1. Students performed well for the MCQs – above average.
    2. Case studies require theoretical and applied perspectives.
    3. Innovative AND acceptable solutions for addictive/ill behaviours required.
    4. Don’t give basic interpersonal solutions.
    5. Empathetic responses are the way to go.
    6. Look at cultural situations of cases.
    7. Lack of precise application of general theories to specific cases.
    8. More analytical analysis required.
    9. Allocate sufficient time to answer case questions – don’t leave them blank or under-answered.

Workload is about light to moderately light – not much to do aside from light readings and occasional tutorial prep. I’d say an hour a week or 1.5 hours over two weeks should be enough to do decently in this.

Expected Grade

I got an A- for my midterms (somewhat unsurprisingly) and expected a minimum of a B+ for my class participation, so I was looking at a grade between an A- or B+ if I did decently for my finals.

Actual Grade

I got an A, yay. My first full A for a GE mod – I think this came because well, some people didn’t write enough for the finals. As the summary mentioned above, many excelled in the MCQs so what really distinguished the As from the A-‘s were probably the class participation, midterms and case studies. I feel somewhat sorry for those that were denied said A though, since I’m sure they worked hard too ><

Conclusion & Tips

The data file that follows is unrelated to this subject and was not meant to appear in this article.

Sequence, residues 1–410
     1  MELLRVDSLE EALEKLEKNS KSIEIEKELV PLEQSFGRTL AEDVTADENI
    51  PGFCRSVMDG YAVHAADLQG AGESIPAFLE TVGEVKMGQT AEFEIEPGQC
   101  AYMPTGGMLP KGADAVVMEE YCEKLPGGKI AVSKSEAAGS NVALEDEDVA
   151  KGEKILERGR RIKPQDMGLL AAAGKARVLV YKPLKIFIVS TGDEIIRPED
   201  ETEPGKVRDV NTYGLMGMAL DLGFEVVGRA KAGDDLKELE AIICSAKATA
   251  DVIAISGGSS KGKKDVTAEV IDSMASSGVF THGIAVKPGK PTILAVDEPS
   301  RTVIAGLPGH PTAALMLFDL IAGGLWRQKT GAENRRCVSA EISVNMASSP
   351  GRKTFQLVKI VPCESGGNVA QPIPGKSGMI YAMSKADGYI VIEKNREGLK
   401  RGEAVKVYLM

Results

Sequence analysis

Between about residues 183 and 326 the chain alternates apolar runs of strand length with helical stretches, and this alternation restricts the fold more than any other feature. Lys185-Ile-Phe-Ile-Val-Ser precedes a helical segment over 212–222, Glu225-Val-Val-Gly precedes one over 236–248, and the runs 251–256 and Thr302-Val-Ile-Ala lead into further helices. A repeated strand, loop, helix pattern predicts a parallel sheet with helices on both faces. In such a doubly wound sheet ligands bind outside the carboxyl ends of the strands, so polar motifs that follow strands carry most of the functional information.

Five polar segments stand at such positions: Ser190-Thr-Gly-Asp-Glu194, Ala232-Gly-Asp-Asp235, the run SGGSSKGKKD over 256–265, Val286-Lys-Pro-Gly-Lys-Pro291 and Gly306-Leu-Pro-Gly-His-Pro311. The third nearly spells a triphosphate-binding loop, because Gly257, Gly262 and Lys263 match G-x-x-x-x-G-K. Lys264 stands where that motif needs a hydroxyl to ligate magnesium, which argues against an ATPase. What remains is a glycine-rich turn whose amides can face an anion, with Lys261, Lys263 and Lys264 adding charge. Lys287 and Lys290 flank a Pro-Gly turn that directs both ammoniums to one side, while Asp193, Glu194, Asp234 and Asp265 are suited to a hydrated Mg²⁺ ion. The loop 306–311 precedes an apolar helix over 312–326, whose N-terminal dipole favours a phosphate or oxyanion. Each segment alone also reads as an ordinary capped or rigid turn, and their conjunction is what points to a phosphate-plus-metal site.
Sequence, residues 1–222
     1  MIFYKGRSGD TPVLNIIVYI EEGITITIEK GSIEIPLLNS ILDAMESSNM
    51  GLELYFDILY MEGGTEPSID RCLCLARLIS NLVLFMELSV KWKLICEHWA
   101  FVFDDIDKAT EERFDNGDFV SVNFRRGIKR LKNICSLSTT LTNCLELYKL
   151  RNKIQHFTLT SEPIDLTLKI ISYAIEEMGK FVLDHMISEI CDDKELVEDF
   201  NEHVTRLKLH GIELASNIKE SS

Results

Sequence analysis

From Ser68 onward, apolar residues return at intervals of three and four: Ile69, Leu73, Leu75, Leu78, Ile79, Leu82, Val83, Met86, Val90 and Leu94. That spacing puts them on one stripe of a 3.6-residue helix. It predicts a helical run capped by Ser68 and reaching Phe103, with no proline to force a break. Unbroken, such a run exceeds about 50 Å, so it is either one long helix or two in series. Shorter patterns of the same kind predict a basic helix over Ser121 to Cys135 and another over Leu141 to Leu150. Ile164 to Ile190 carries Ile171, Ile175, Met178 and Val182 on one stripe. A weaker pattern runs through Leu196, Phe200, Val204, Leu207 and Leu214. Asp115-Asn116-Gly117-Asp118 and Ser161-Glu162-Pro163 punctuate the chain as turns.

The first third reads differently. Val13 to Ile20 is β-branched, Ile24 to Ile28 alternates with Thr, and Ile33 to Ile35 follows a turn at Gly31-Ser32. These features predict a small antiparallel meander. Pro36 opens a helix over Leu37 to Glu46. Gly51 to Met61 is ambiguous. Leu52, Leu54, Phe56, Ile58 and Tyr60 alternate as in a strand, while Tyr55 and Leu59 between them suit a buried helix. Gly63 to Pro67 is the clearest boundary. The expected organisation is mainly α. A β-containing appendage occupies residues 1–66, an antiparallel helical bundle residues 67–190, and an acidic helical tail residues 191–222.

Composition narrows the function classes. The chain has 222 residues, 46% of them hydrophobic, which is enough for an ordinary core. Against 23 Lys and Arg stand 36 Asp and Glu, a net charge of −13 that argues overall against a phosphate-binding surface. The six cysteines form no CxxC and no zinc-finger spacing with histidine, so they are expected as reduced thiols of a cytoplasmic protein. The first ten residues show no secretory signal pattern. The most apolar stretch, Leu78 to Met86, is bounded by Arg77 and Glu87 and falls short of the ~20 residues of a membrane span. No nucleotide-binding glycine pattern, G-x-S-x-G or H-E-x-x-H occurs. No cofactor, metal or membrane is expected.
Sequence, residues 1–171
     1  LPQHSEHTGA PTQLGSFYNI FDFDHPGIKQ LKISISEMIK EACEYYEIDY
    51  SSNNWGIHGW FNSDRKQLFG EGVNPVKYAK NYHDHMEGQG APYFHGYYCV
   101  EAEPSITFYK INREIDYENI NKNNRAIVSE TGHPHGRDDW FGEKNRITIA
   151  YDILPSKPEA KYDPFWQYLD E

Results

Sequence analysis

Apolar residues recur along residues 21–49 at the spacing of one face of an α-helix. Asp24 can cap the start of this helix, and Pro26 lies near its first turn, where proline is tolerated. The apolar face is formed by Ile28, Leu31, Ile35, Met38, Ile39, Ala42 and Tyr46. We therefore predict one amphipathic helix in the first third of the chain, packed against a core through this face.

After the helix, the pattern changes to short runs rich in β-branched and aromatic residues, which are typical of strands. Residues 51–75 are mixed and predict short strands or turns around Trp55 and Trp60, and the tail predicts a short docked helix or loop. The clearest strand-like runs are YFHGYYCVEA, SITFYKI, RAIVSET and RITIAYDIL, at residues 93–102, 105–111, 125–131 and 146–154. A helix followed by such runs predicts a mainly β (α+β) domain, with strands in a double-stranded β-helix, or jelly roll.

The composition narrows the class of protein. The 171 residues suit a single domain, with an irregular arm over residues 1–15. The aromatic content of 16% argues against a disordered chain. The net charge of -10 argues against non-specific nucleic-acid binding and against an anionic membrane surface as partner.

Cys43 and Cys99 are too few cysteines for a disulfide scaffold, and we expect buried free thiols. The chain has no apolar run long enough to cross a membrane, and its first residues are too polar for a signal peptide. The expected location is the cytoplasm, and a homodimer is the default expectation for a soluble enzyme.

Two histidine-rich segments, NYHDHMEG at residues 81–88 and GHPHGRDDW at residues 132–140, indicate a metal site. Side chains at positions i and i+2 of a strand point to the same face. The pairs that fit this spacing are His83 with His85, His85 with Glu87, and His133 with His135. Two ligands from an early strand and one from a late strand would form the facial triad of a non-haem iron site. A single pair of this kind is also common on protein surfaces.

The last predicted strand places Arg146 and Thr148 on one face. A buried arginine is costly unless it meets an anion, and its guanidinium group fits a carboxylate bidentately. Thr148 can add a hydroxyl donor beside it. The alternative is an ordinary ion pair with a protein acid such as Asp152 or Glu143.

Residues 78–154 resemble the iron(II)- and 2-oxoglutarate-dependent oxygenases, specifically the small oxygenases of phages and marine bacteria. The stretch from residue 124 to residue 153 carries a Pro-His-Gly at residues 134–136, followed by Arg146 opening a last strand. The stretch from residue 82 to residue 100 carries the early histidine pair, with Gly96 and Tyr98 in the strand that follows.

This is certainly an interesting mod to take for anyone interested in human relationships (or are hoping to talk to girls in their tutorial groups, there’s quite a large portion of them in this mod when I took it anyway. Arts + it being a popular mod, just expect most of them to be in relationships alr xD), and with a light workload to boot, I’d heartily recommend it for most people looking to get an easy B+. Might be quite difficult to get an A though, so student beware.

  1. I have a confession to make – I skipped all the lectures after the second lecture because it was a 4-6pm Friday evening lecture and I felt at times that what was being taught was just off the slides instead of being vastly different or innovative. So I went home and generally browsed through the slides to make my notes, watching the webcasted lectures if I wasn’t sure about a point. Might not have been the best idea, but it saved me some time to do other work/rest more, so one could consider it.
  2. Prepare for your debate, just put out good points and don’t worry too much about demolishing your opponent. Be nice in the debate and it should help 🙂
  3. Do get a textbook or borrow one if you don’t want to buy it, it helps quite a lot when studying for the midterms and finals~

No materials to preview unfortunately 😦

Here are my personal notes I’ve taken though ^^



7 thoughts on “Review of GET1032 – Building Relationships: Theories and Practice

  1. Pingback: All module reviews up, an upcoming year and another milestone | Ramblings of Roe

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  3. Hi! I am currently taking this module! Can I check if the lecture content is impt? Or is it more of pdf and textbook readings like you mentioned? Tks! (:


    • Hi there, standard disclaimer aside (YMMV etc) – I webcasted the lectures and did the PDF and textbook readings. Guest lecture content is important but PDF readings are even more so – textbook readings give the foundation one needs to know so it’s also important. I found the lecture better at summarizing than teaching anything new, so it wasn’t that important imo.

      Hope it helps!